Of course it had early breweries.
In a centennial history of Port Washington it is claimed that the first brewer there was an Englishman named Arnet who sold his product for 3 cents a pint. There is a Henry Arnet (1825-1913) buried in town so there might be some truth behind this.
The first well documented brewery in town was begun in 1847 by a Jacob Moritz. It had a great location next to a hill side cave and along a small creek that ran into the harbor. This proved to be a long running enterprise, staying in business a round century before it went out in 1947. The breweries later offices are extant and make up part of the American Legion Hall at 419 Lake Street.
In 1955 crews digging a sewer pipe near the former Milwaukee Northern interurban train line ran into something unexpected.
The crashed into a brewery cave that went over 100 feet back into the hillside. The newspaper article of the day described stone and brick rooms, cyprus aging vats and brick lined vents that went up to the hillside above.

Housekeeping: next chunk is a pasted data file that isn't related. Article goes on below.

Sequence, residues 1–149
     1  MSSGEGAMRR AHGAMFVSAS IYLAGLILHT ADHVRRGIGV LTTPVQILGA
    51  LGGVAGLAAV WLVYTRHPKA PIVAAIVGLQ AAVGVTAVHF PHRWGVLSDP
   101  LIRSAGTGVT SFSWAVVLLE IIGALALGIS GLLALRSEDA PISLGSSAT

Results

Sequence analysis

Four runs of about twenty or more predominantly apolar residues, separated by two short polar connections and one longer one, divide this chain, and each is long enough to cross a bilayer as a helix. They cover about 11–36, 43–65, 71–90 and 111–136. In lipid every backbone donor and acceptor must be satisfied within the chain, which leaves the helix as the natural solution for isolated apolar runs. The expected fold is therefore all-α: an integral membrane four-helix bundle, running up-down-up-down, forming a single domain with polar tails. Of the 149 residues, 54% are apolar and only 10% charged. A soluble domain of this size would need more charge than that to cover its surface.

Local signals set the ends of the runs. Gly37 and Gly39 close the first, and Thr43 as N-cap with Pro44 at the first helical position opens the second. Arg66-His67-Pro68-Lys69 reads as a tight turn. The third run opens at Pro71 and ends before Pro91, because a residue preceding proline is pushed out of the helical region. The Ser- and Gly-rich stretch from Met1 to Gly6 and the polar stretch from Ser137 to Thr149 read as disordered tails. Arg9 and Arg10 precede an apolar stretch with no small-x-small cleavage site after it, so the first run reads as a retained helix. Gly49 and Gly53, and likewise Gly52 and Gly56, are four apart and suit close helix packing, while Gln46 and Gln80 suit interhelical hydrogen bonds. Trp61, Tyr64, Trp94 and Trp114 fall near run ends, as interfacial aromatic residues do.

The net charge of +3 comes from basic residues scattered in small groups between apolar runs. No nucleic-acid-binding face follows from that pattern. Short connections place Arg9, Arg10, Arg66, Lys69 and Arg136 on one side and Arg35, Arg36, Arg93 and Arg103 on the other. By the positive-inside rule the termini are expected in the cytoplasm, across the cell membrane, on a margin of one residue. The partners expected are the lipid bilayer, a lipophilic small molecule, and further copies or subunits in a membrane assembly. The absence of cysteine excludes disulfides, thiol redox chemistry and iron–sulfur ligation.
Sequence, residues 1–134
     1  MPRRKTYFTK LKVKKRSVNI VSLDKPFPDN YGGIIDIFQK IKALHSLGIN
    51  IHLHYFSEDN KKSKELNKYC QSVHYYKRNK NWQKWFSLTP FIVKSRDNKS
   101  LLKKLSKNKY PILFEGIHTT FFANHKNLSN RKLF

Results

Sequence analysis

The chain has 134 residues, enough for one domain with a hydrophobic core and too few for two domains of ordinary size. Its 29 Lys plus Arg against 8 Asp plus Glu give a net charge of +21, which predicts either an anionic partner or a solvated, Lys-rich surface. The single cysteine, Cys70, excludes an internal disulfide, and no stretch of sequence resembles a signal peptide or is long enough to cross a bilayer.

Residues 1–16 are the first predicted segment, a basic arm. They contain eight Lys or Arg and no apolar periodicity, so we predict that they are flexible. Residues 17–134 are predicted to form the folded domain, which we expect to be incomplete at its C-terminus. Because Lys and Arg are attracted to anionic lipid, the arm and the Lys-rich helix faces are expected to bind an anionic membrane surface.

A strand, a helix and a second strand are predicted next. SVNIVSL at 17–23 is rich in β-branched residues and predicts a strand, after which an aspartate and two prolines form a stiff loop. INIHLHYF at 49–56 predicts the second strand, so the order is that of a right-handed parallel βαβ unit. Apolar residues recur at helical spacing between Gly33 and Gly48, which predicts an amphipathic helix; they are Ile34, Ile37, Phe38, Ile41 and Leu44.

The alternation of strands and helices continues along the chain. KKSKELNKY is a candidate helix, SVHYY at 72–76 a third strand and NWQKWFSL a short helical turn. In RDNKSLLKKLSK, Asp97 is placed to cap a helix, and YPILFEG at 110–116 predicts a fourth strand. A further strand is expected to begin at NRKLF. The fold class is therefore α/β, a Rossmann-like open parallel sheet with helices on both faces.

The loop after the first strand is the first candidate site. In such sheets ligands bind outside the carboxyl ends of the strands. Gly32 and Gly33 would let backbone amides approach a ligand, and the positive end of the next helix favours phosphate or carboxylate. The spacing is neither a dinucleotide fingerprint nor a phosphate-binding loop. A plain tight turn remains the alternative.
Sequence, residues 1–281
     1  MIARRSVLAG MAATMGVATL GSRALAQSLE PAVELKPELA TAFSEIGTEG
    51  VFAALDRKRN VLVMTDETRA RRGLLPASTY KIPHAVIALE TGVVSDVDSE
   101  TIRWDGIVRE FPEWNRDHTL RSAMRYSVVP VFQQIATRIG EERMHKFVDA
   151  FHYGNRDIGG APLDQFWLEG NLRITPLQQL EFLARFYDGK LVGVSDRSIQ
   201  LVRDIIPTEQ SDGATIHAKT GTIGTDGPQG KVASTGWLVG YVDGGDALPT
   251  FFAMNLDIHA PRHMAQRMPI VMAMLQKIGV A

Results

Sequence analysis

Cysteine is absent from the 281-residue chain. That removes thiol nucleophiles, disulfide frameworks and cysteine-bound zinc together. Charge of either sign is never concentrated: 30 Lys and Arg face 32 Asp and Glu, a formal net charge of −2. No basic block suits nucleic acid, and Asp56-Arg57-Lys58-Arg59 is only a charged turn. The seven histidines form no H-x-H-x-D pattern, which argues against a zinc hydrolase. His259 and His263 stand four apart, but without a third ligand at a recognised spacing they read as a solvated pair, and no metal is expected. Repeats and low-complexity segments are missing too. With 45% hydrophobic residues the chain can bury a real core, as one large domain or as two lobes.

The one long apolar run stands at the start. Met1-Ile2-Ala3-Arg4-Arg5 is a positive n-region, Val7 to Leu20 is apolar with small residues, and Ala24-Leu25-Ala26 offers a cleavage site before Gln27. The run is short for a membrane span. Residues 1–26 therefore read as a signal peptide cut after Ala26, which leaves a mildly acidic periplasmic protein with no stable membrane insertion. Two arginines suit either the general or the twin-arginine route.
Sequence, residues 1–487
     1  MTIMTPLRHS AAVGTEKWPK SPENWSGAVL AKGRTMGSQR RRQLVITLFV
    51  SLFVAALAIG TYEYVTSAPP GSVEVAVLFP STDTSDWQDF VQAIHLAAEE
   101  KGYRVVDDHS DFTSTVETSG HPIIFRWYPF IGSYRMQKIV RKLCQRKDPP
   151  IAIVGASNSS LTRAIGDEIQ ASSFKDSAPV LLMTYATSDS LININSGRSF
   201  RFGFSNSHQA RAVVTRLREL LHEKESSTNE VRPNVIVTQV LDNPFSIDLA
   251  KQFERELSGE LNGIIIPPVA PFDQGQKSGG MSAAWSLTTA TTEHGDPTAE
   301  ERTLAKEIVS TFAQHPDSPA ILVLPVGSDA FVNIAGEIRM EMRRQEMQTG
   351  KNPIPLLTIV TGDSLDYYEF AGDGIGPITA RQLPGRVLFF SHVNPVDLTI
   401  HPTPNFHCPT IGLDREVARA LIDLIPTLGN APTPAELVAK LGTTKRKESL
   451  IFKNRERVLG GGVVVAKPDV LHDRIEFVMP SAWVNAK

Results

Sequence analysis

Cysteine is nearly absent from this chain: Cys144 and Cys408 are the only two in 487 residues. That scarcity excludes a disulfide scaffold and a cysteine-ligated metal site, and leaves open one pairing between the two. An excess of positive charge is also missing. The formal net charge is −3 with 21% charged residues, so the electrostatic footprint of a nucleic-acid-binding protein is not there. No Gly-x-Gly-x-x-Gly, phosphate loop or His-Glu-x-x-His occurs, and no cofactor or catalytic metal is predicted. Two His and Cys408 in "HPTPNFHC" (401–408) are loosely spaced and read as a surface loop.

It sounds like quite a sight. East of the railroad tracks under eight feet of ground was a large brick and stone room with overhead iron cross bars for lifting kegs. West of the tracks and under 30 feet of heavy clay there was a long aging cellar containing four oval vats each six feet high and fifteen feet long. In 1955 the brick air vents were still visible and a few old timers could recall sneaking into the brewery in their youth and having a great look out over Lake Michigan from high atop St. Mary's Hill.
The cave complex was sealed up after the utility work was completed and there is no longer any access to it.
So, what's left in 2016?
The brewery office.
The creek is still where it has always been. Old accounts say it was sometimes dammed up in the winter to make ice for the beer cave.
My brother is often along on these trips. He collects bricks. Creeks, especially creeks near ruined breweries, are a great place to find them.
Behind the brewery runs a bike path. Clearly this was the line of the old Interurban Rail Road.
And next door to the Legion Hall is what must be the sealed off entrance to the cave. It looks pretty sturdy and the workers back in the 1950s filled in their excavation with dirt and cement blocks. But most of what was seen then is no doubt still there. I spent a lot of time clambering up and down the hillside looking for traces of the air vents but they too seem to have been demolished.